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I want to get a 28' Uhaul truck and convert it to an RV. There are quite a few write-ups floating around the internet about them. Unfortunately the diesels are becoming scarce, and the gassers measure fuel consumption in gallons per mile (exaggeration).
I've always thought a 40 foot step van would be pretty spiffy.
Especially if you could give it 4 wheel drive.
sliding glass doors at the rear with a fold down deck that locks everything in place when folded up.
 

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I think a microhome is a terrible idea. High cost per square foot and no room for stuff. That's a big deal if you're a prepper.
 

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I think I will be going with a container. I have two already and built a bedroom in one of them just to see what it would feel like. Working on getting my BOL straight so when the next container is brought in it can be put in place then the other two can be put were they need to be.
My son in law is thinking about getting one too so they will have their own place ready at the BOL.

They are a bit steep in price on the outset but, when you only have so many hands and so little time to work on things, It justifies the price.
 

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I bought a "trailer" and have spent a good deal of money on restoration but I "SO" want an small underground real home....SO.......Instead of buying a container(later on) to use for a "shelter" and doing everything that needed to be done,I've thought of building a space in the ground with those new insulated blocks,foundation,and the whatever rooftop to hold the dirt off the trailer roof(which all total, has been waterproofed)then slide the trailer into the space and backfill.I've utilized the trailer for my tornado shelter and plenty of room for all my preps too.Course this is all a maybe,what if,and still in the dream stage but ,hey if I'm winning the lotto,Yipee for me!
 

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Jack of all trades?
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I think a microhome is a terrible idea. High cost per square foot and no room for stuff. That's a big deal if you're a prepper.
No biggie.
When I lived in my 12x28 cabin, I had a large steel building near that kept all the big stuff.

A small square footage is easier to heat and cool. Most preps are not temp sensitive and can be stored in an outbuilding.
 

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Lost another post hitting the SPACE BAR! What the heck is wrong here?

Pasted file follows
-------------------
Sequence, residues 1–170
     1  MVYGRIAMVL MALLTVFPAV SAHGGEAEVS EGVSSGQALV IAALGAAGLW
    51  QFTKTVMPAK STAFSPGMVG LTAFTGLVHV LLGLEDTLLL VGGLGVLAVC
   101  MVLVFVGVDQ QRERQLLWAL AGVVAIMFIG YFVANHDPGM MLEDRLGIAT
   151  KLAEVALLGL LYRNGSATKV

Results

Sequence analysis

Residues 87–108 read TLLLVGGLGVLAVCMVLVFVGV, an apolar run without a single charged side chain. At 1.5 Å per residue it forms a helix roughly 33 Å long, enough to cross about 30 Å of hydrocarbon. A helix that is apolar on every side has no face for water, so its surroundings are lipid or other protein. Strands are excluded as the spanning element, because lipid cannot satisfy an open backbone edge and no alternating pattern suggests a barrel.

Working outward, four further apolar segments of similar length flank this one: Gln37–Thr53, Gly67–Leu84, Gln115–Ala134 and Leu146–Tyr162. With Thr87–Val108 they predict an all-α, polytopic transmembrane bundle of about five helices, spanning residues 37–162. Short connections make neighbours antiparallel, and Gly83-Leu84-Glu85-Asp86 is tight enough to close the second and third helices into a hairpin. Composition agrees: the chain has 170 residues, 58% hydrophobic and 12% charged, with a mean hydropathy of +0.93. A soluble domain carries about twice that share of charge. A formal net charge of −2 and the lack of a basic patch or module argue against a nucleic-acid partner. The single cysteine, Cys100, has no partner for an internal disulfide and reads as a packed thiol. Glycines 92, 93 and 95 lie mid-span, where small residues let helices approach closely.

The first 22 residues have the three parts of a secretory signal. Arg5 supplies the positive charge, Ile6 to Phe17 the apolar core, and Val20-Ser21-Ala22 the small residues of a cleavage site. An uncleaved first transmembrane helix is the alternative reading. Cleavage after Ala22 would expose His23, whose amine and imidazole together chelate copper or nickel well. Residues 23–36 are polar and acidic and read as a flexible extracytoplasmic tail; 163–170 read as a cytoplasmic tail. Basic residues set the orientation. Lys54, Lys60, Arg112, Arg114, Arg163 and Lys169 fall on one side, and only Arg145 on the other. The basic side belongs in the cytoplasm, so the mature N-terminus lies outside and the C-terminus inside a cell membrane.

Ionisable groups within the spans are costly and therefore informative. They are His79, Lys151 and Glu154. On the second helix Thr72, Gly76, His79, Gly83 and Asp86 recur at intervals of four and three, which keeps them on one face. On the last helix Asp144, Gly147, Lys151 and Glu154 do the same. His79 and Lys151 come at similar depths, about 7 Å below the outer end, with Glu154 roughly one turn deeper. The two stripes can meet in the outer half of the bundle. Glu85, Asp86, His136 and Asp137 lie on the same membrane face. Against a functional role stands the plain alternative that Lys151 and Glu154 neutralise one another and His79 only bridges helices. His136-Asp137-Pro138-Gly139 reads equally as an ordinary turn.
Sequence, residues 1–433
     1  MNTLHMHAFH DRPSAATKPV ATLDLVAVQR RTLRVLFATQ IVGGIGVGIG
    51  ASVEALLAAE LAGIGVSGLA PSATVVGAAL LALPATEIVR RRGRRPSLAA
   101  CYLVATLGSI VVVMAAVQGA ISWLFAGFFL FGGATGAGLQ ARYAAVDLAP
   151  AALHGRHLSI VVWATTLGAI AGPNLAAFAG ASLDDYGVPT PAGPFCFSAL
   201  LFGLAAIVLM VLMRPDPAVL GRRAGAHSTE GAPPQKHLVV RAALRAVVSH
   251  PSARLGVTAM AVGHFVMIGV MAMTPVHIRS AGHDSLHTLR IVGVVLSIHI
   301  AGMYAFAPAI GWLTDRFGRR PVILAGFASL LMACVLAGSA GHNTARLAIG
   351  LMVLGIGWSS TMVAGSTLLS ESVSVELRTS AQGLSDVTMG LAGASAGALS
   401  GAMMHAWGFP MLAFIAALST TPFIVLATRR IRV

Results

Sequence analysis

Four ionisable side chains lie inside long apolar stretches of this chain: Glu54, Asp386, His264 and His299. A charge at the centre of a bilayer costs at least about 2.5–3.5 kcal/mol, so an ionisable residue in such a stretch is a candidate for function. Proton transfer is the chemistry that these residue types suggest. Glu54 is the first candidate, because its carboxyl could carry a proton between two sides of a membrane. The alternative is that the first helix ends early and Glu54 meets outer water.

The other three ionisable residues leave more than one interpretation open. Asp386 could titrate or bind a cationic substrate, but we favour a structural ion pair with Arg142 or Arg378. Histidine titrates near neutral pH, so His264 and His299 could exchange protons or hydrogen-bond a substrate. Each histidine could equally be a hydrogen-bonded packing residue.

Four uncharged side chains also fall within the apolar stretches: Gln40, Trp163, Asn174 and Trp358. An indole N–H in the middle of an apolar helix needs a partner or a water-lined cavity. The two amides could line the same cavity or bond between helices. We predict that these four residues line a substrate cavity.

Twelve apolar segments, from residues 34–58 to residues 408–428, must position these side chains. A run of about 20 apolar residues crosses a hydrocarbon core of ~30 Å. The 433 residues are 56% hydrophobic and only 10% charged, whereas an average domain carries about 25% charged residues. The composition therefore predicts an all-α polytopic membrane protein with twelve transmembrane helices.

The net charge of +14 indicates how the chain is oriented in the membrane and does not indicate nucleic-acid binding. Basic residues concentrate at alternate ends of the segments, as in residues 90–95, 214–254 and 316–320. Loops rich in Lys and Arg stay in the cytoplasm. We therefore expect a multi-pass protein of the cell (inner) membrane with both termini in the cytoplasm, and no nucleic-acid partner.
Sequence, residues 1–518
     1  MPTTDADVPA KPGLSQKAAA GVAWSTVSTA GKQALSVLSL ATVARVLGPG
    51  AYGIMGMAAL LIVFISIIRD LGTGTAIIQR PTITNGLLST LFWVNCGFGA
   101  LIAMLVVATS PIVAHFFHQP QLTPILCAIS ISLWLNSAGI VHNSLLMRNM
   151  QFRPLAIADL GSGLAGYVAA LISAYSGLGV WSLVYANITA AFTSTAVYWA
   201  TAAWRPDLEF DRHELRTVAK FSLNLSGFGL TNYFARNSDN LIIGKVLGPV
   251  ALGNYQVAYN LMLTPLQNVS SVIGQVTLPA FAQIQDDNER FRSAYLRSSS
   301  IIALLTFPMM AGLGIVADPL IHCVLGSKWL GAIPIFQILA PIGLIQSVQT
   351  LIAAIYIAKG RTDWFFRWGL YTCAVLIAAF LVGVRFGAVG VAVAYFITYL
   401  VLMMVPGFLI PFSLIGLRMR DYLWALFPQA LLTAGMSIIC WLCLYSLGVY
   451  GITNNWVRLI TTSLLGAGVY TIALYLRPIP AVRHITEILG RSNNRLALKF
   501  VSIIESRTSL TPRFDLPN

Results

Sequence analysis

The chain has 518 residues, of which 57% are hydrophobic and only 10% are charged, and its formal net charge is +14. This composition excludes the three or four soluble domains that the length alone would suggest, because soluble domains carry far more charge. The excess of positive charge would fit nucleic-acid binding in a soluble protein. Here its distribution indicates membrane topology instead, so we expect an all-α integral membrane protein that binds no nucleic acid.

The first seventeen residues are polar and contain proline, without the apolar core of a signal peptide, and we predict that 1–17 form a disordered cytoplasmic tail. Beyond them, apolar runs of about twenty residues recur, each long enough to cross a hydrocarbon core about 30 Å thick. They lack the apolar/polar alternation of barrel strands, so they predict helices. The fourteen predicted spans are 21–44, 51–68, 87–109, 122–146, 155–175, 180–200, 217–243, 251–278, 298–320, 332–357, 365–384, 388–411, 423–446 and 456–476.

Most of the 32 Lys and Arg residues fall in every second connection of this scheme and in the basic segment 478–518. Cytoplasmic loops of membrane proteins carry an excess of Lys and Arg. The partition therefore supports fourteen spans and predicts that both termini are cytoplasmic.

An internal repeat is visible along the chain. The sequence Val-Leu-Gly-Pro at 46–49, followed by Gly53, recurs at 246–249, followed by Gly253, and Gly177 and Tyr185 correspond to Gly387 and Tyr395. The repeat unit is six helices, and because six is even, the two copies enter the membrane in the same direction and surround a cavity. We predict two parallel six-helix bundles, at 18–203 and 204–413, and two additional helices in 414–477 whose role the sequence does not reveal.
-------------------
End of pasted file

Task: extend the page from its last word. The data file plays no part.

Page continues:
Yes, I agree to only heating what space you LIVE IN. Keep the food in a root cellar, the tools, farm/garden items and such in an outbuilding, and that covers it. Our vehicles always did live outside. Only the tractor deserves to be inside!

Oh yeah. And, get RID of all the useless junk most of us store in our homes at an outrageous cost for heating, cooling, and mortgage payments. Downsize and get rid of the mortgage, too!
 

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I have a LOT of stuff, mostly tools and materials but I am also sentimental and love history so I have tons. Literally truckloads:). I have been most happy in a small/tiny/micro home. When I see so many people get rid of stuff that they may need and going on a minimalist rampage it make me shake my head. The key, as mentioned above is to keep the storage outside of your actual living space. This is better in many ways, as mentioned only heat/cool what needs to be, things can be stored at a cooler temperature than in a living space, less risk of losing everything, etc and yet everything is there when you need it.

I have lived in a "bunkhouse" that was something like 8x16, a travel trailer, and a 24x24 cabin and enjoyed everyone. My favorite is by far the cabin of course but realistically it is much more room than one person needs. Many families around here had a "summer house" that was much smaller and was used in warmer weather when people are outside most of the time anyways, this worked good for storage because you could shift stuff from one to the other depending on which was used.

The cost/square foot doesn't really matter imo, that's like saying "how much is that car worth/pound". Most people building these are spending a tiny fraction of what a "normal" house costs, that is the significant factor. I do have concerns with many of them though, people don't typically anchor them, they often have a low mass (thermal and structural), and many are putting looks at a higher priority than functionality or durability.

gabbyj310, I really like that idea, if you have a hillside to built it into it will probably be easier. Other than a backhoe not much in the way of special equipment would be required. Of course it could be re-purposed at any time as an excellent storage space or even framed in to make a living/working space on it's own.
 
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